This week Google won new approval from US regulators for their plans to build a smartwatch that you can control with hand gestures. Google calls this plan “Project Soli.”
Google began working on Project Soli in 2015 but had to stop because not too long after they started they found the watch would have to operate at lower power levels than they had originally planned. They had to stop because there are certain restrictions in place, restrictions that are a necessary means to stop new products from interfering with other technologies that are more important. In this case, that would be radio astronomy and satellite services.
As such, Google had to stop engineering the watch until they could get clearance to work at these power levels. Fortunately for them, the US Federal Communications Commission granted the technology giant a waiver which allows it to operate Soli sensors at higher power levels—between 57 and 64 gigahertz—which, as the FCC says, will best “serve the public interest.”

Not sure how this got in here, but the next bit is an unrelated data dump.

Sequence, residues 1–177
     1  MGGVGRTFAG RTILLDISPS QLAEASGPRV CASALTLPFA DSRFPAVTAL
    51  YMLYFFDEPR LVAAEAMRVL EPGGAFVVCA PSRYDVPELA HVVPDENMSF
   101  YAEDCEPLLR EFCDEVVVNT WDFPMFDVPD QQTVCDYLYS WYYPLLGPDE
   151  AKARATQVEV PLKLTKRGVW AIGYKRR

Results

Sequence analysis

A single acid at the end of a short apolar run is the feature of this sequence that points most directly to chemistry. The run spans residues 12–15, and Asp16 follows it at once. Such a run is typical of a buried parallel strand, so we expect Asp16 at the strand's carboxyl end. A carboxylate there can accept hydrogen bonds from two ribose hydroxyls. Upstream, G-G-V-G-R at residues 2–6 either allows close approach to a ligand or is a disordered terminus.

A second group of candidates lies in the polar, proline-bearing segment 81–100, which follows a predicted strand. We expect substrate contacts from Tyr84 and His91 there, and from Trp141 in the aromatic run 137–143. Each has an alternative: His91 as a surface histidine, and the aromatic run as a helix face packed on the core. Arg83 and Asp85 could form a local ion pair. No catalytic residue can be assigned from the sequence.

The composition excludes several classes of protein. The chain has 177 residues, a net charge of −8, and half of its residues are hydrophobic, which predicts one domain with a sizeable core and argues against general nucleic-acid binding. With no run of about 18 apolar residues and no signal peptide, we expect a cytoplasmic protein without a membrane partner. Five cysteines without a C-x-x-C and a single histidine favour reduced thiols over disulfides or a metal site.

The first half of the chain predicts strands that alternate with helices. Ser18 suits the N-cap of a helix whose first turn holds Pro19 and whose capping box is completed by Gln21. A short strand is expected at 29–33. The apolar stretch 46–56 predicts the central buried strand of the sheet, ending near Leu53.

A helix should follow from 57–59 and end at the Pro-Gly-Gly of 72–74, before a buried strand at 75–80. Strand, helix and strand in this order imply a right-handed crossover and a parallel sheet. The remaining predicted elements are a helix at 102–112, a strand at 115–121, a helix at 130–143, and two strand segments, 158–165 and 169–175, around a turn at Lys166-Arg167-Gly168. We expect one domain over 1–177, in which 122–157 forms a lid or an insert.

It is important for Google to get this clearance because these sensors use radar to capture motion in a three-dimensional space. That means these sensors can essentially turn a virtual dial or press virtual buttons to capture data in this three-dimensional space. More importantly, this radar can penetrate fabrics, which means it could even work in device while it is in your pocket or a purse or a backpack.
And Google’s development of these sensors is important because their versatile use could provide touchless controls for users who have mobility or speech impairment issues. Of course, while Google claims these are the most immediate benefits, we can certainly discern more novel use for the technology that will attract a much wider—and far more profitable—audience down the road as well. For example, the FCC said they will also allow Soli sensors to be carried on aircraft.
Indeed, FCC Chief of Engineering and Technology Julius Knapp said, in the allowance order, “Grant of the waiver will serve the public interest by providing for innovative device control features using touchless hand gesture technology.”